The men playing the game did not look different from any other man. They were simply more: their edges were often crisper, their mouths often wider, their eyes often sharper. Their voices were louder, fueled by the growling of their appetites, though these stayed hidden as they burrowed deeper, deeper, deeper into the men’s souls. The men with larger appetites preyed on the men with smaller appetites, and when a man first went to the out beyond, it took some time for him to learn who to play with. He first played with the men he arrived with, whose appetites were also yet juvenile and untrained. One appetite would surge and lash out, and the other, unsure how to defend itself, would fall injured. Snarling and retreating to its corner, it would take a piece of the man’s soul and hand it over. The other man’s appetite would feast—nothing tasted quite so good as another man’s potential—and it would grow, already looking for the next round.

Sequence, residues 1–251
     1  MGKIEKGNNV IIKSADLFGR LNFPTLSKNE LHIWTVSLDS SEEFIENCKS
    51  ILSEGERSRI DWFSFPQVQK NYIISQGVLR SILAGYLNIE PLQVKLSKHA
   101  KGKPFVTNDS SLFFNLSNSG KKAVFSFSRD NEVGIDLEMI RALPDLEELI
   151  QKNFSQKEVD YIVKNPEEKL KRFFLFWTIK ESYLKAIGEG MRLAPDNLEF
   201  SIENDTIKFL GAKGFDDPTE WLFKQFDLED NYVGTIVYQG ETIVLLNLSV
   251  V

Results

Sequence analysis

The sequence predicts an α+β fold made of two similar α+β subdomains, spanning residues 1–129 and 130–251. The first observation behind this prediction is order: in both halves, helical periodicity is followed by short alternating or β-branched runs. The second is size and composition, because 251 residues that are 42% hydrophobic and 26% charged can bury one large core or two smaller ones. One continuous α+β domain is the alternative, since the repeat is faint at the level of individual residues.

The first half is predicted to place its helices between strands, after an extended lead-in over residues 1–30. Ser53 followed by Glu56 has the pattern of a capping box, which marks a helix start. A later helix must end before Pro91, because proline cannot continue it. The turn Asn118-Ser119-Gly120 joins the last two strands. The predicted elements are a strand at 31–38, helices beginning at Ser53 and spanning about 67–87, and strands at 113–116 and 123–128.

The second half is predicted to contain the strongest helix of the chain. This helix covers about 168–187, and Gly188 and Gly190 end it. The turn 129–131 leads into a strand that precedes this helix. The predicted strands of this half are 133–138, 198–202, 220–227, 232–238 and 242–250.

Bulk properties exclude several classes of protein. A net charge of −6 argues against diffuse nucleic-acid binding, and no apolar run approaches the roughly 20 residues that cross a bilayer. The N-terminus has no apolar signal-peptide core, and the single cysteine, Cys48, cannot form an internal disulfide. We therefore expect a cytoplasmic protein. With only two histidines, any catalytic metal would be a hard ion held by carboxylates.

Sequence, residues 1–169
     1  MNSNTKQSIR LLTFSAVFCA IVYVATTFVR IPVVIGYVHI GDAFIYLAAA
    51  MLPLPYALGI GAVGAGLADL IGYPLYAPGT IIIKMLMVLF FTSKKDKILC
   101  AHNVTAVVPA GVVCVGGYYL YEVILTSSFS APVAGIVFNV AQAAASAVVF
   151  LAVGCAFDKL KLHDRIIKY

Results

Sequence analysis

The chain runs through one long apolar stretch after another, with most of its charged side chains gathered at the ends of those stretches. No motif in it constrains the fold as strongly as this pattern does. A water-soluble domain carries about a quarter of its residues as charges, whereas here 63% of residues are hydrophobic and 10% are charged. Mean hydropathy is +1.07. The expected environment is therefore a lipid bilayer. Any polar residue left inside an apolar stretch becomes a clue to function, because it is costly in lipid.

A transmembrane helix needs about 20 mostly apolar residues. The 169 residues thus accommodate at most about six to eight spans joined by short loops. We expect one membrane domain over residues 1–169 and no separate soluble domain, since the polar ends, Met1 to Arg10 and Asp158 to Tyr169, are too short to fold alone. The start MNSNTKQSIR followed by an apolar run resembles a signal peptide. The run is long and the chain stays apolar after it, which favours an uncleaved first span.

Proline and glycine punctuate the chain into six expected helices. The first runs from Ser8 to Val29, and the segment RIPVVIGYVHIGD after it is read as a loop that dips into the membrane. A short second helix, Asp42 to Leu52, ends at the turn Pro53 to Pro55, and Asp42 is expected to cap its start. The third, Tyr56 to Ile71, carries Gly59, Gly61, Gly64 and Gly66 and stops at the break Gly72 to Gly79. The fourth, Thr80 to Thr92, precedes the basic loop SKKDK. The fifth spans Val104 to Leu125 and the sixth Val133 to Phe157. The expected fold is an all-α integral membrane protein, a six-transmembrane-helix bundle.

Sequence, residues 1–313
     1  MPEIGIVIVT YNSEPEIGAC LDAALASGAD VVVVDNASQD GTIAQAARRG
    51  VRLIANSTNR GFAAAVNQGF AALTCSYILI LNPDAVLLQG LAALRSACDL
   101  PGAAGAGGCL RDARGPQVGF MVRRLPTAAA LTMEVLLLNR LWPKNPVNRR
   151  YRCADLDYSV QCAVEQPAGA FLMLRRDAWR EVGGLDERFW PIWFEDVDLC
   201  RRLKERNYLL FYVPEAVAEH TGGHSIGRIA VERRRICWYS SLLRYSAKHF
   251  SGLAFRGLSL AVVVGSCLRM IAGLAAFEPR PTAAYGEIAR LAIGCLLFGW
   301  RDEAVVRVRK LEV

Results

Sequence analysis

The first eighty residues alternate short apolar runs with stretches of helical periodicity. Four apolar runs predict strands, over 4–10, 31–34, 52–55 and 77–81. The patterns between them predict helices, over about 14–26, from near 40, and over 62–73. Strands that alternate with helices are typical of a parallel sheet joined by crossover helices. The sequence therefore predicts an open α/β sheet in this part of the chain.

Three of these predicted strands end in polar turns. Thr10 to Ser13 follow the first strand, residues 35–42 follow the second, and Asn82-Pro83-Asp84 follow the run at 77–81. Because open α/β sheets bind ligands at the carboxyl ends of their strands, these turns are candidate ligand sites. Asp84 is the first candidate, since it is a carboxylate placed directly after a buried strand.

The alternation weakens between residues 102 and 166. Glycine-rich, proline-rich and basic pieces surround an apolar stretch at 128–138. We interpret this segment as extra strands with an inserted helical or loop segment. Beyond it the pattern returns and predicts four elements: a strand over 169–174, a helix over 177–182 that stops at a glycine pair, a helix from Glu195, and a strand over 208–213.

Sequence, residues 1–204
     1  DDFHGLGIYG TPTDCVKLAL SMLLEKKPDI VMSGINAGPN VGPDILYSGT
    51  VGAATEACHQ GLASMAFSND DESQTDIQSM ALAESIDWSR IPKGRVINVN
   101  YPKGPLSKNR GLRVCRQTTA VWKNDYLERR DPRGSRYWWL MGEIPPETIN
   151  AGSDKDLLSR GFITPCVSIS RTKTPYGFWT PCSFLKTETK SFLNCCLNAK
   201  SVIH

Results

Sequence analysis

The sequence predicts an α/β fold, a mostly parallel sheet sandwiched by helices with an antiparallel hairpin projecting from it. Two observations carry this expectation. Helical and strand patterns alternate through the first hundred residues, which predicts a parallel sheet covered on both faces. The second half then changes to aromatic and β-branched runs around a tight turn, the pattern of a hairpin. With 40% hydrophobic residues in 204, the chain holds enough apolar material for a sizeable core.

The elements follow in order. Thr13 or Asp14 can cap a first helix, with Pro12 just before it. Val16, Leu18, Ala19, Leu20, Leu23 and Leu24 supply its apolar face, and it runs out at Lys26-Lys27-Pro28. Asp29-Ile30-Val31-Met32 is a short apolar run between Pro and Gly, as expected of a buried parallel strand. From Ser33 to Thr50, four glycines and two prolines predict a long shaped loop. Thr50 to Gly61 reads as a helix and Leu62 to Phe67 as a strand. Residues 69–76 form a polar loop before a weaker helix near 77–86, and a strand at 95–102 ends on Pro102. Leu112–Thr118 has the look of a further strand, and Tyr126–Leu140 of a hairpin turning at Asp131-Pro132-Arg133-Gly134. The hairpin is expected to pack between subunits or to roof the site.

Looking on the carnage, it was easy to assume that the man whose appetite feasted had won. He became more…more, and this was all anyone wanted in the out beyond, never realizing that if more was the goal, it couldn’t possibly be reached. At the end of the game, there would be no winners, but even in the moment, onlookers would have been mistaken: The men who lay broken and bleeding, having just handed over a piece of their eviscerated soul, still had appetites, and these raged and howled and picked the men up again so that they could throw themselves back into the game, limping, wincing, eyes slanted and dark and bent once again on more. Meanwhile, the appetite of the man who had feasted licked its gluttonous lips, buried itself more deeply into the man’s soul, held on tighter and, never satisfied for long, craftily set its sights on new arrivals.